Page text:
Also, ocean crust is made of denser minerals than continental crust.
www.windows.ucar.edu /cgi-bin/tour_def/earth/interior/earths_crust.html   (246 words)

  
 Mountains formed by plate convergence   (Site not responding. Last check: 2007-11-05)
Oceanic crust is recycled at subduction zones where one leading edge of convergent lithospheric plates is subducted beneath the other and remelted.
Continental crust is composed of material less dense than oceanic crust so it floats on the mantle rather than being subducted into the asthenosphere.
Spectacular mountains result from the collision of continental crust as tectonic plates collide, buckling and bunching continental crust along their impinging plate margins.
www.clearlight.com /~mhieb/WVFossils/collision.html   (960 words)

  
 Can delamination of lower crust explain the continental crust paradox
The upper continental crust is too evolved (felsic) to be a melt in equilibrium with the mantle (e.g., basalt).
One possibility is the lower crust because it is mafic.
However, the composition of the average global lower continental crust (Rudnick and Fountain, 1995) is clearly not mafic enough to balance the evolved composition of the continental crust.
www.ruf.rice.edu /~ctlee/lowercrust.htm   (239 words)

  
 Active Skim View of: IV. Characterization of Continental Crust
In the continental crust, this may vary anywhere from 15 50 km, depending on heat flow and the thermal properties of the rocks.
Continental crystal studies ' + 'are probably at a stage of development equivalent to that reached in the study of oceanic crust 20 years ago.
The lower crust in volcanic regions, particularly in ' + 'rift valleys, appears to be in the granulite metamorphic facies and appears to have two-pyroxene granulites of basaltic composition as a component.
www.nap.edu /nap-cgi/skimit.cgi?isbn=0309029287&chap=115-158   (11410 words)

  
 Nat' Academies Press, Continental Tectonics (1980)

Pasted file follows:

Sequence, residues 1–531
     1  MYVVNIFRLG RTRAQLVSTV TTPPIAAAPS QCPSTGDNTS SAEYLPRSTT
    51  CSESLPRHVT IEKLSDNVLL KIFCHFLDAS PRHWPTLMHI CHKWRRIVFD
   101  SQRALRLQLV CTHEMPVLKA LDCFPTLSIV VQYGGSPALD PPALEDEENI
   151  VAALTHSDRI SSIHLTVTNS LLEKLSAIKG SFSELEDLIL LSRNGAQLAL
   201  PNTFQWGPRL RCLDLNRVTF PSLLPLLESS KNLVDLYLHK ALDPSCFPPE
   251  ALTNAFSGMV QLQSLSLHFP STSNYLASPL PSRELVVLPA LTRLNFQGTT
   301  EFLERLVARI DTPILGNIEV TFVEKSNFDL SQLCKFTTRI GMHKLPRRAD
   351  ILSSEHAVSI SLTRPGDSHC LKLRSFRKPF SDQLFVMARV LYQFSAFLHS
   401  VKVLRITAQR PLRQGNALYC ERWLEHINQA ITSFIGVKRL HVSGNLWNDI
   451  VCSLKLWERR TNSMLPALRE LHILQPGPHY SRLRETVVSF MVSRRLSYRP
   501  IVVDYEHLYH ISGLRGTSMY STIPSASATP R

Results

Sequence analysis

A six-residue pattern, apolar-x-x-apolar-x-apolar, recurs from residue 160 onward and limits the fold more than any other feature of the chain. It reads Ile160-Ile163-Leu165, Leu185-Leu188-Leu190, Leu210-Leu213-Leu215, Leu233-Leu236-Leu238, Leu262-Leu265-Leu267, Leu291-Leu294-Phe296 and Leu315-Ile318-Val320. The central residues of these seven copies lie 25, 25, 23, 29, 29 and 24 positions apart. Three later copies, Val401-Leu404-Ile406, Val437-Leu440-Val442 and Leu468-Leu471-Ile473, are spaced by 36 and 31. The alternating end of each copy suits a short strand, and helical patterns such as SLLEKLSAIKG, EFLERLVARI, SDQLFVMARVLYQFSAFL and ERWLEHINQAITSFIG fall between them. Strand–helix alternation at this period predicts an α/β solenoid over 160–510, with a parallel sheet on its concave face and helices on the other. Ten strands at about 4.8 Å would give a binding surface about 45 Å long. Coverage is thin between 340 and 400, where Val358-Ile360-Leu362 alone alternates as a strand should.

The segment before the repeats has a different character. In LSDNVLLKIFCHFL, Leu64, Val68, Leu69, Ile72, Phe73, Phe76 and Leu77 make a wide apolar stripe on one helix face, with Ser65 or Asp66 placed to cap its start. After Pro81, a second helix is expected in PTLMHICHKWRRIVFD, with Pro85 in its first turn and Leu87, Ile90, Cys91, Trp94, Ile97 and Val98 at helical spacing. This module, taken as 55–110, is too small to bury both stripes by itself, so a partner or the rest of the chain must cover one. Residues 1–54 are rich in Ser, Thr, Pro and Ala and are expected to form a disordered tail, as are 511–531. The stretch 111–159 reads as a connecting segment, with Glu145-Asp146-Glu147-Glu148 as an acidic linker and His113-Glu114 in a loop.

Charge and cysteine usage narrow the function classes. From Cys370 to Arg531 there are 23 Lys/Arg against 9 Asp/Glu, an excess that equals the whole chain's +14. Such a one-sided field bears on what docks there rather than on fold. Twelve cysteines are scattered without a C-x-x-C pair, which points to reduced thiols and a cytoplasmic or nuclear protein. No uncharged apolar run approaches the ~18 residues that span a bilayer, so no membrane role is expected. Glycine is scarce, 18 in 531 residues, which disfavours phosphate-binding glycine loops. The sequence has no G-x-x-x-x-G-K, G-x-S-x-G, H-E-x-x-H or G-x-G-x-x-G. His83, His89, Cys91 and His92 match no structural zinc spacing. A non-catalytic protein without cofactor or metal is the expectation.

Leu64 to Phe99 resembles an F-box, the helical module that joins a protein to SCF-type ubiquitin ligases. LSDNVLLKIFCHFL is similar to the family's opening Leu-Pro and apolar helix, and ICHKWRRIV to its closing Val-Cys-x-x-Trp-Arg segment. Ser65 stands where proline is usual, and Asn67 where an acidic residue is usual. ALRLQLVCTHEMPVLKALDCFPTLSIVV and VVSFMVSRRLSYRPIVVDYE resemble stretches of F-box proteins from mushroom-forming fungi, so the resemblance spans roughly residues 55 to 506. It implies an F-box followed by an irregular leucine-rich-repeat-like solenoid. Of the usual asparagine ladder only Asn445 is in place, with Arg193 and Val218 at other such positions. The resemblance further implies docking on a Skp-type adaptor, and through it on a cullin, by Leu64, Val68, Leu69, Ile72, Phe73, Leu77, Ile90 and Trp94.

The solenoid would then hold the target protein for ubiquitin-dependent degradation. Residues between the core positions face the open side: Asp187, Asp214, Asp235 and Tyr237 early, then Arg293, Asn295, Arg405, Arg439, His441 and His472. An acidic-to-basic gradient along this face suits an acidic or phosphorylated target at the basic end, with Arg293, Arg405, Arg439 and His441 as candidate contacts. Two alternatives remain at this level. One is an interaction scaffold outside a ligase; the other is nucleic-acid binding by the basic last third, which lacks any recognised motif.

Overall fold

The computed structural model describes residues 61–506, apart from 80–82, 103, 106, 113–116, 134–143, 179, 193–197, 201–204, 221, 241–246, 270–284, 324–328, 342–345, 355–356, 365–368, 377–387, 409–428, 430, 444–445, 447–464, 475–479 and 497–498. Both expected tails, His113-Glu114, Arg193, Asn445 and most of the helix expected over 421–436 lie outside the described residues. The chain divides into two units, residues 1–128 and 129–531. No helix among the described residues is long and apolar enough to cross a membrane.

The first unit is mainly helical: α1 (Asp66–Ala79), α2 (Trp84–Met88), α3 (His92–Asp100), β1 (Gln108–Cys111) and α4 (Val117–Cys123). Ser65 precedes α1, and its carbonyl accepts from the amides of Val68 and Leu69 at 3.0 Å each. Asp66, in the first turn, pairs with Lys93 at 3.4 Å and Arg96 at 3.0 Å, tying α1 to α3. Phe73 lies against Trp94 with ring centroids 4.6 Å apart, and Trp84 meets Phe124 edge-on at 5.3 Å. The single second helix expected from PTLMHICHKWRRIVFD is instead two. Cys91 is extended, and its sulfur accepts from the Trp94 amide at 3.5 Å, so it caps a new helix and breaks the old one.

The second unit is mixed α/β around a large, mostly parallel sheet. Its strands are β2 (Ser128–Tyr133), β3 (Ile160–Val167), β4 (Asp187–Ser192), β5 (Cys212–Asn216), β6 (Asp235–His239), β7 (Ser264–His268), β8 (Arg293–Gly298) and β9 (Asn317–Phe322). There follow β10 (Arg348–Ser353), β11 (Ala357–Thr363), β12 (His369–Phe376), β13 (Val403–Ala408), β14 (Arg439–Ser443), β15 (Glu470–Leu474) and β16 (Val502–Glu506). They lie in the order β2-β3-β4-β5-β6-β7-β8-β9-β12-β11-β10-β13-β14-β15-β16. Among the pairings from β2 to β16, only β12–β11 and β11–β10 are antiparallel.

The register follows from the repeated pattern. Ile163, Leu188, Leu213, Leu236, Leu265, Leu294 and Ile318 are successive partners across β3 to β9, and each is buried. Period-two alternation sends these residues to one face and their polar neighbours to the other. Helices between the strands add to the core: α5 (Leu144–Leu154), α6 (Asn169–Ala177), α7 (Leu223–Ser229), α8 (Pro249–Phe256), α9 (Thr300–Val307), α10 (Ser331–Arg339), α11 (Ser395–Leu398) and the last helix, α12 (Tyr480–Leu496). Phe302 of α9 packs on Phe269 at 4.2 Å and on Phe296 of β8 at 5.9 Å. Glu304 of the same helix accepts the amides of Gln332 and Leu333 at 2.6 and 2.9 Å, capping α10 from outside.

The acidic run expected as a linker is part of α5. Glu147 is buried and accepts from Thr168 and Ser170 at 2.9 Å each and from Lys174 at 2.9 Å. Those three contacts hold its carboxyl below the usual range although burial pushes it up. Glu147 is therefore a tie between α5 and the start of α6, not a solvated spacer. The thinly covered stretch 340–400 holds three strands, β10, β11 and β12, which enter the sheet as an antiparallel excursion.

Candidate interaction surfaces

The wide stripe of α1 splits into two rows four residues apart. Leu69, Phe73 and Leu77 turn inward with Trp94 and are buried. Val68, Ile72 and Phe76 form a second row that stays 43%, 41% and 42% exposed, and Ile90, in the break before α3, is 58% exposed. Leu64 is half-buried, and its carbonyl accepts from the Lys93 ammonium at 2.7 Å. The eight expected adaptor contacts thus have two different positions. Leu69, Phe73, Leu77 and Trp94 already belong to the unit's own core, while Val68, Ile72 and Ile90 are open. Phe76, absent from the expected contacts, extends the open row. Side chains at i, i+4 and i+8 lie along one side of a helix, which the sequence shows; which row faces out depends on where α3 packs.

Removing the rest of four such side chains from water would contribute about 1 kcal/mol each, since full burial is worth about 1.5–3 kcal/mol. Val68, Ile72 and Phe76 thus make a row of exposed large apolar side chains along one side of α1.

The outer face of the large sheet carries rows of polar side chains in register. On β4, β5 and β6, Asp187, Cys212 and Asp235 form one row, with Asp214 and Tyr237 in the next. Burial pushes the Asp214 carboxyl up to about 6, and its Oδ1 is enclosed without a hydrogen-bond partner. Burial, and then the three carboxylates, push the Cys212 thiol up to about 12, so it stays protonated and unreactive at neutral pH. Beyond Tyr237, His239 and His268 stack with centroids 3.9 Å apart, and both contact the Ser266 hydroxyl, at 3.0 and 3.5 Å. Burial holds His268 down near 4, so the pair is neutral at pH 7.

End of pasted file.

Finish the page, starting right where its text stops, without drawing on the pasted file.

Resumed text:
In particular, continental volcanism seems sensitive to the age and composition of the immediately underlying lithosphere, as well as to the geometry of major structural flaws.
Recent Pb and Sr isotopic studies of continental vol- canic rocks in the western United States indicate that the isotopic composition of volcanic rocks reflects the age and composition ofthe underlying lithosphere, demonstrating major compositional control by the lower crust or the li~- osphenc upper mantle.
Continental molasse is devel- oped in both regions at the close of the geosynclinal evo- lution.
www.nap.edu /books/0309029287/html/159.html   (10013 words)

  
 Continental freeboard, sedimentation rates and growth of continental crust   (Site not responding. Last check: 2007-11-05)
Of the two contrasting models, the first and most popular is that the continental crust of the Earth has grown throughout geological time.
The second model argues that the present mass of the continental crust formed very early in Earth history (>4,000 Myr) and has subsequently been recycled through the mantle in a steady-state fashion such that the mass of the crust has not changed during most of Earth history
We point out here that although the record of continental freeboard is consistent with either limited growth or no-growth models, recent sedimentation rates appear insufficient to support no-growth models.